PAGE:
Shostakovich composed his String Quartet No. 7 in F sharp major in memory of his first wife Nina Vassilyevna Varzar who died at the age of 58 in December 1954 (Elizabeth 2006, 128). Composing a piece about his first wife is unusual in regards to Shostakovich’s style. Shostakovich’s pieces usually entail war and political themes.  To make it more unusual this piece was composed six years after her death, during his second marriage to Margarita Kainova (Elizabeth 2006, 129).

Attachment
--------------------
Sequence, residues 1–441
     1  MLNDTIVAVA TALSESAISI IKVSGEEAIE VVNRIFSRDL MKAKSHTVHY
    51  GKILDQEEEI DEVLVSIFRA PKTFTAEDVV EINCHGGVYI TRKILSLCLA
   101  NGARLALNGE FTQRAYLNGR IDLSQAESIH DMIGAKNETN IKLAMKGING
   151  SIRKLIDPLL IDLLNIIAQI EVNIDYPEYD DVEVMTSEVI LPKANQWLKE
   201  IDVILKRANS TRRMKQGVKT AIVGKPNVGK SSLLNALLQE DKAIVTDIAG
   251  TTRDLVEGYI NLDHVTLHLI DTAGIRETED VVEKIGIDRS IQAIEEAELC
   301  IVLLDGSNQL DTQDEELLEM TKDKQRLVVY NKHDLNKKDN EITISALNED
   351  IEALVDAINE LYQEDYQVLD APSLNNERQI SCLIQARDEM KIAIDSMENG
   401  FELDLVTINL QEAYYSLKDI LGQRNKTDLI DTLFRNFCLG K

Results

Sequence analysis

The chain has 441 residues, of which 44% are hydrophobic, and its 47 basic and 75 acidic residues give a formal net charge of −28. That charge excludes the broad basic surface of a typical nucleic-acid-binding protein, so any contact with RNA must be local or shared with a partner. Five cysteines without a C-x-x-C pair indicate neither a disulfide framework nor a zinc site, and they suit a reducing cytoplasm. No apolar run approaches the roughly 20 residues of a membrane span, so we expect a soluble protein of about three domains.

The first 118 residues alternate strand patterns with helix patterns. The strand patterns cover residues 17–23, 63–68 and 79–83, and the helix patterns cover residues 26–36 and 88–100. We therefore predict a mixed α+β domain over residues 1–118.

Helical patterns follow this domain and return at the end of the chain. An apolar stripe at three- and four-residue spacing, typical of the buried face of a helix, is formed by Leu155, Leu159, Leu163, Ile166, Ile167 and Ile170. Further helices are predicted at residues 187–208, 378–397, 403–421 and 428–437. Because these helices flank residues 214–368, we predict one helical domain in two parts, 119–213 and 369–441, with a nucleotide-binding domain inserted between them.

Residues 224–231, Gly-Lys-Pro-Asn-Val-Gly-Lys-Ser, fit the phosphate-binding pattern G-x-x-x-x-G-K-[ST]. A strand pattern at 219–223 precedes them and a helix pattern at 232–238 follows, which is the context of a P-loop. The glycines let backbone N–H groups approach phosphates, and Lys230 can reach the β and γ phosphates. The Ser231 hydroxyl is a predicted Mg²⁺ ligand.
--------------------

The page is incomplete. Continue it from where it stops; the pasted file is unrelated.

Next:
Wolfgang Arminius Mozart, from his early was classified as being a musical genius and a child protégé, serving as inspiration for various impending artists. As a child, Mozart was examined by several distinguished observers, who authenticated his gifts with scientific reports as a phenomenal talent (Solomon 1995, 3). Mozart remained tightly restricted by his father and even pledged to remain a loyal subject to Leopold Mozart; Leopold was desperate to control his son since it was his only way of preserving his source of surplus income as well as the integrity of his personality (Solomon 1995, 11). Along with his father, Mozart continued his musical career, from being employed as a court musician at Salzburg to journeying Paris for employment (Solomon 1995, 47). During his early years, Mozart developed a friendship with Joseph Haydn and derived similar musical elements from Haydn, who at that time was already a famous composer. Mozart drew much inspiration from Haydn, specifically for his string quartets ((Solomon 1995, 32). Knowing that Mozart worked closely with Hayden, I will expect to notice possible similarities between Mozart’s string quartet and those of Joseph Haydn.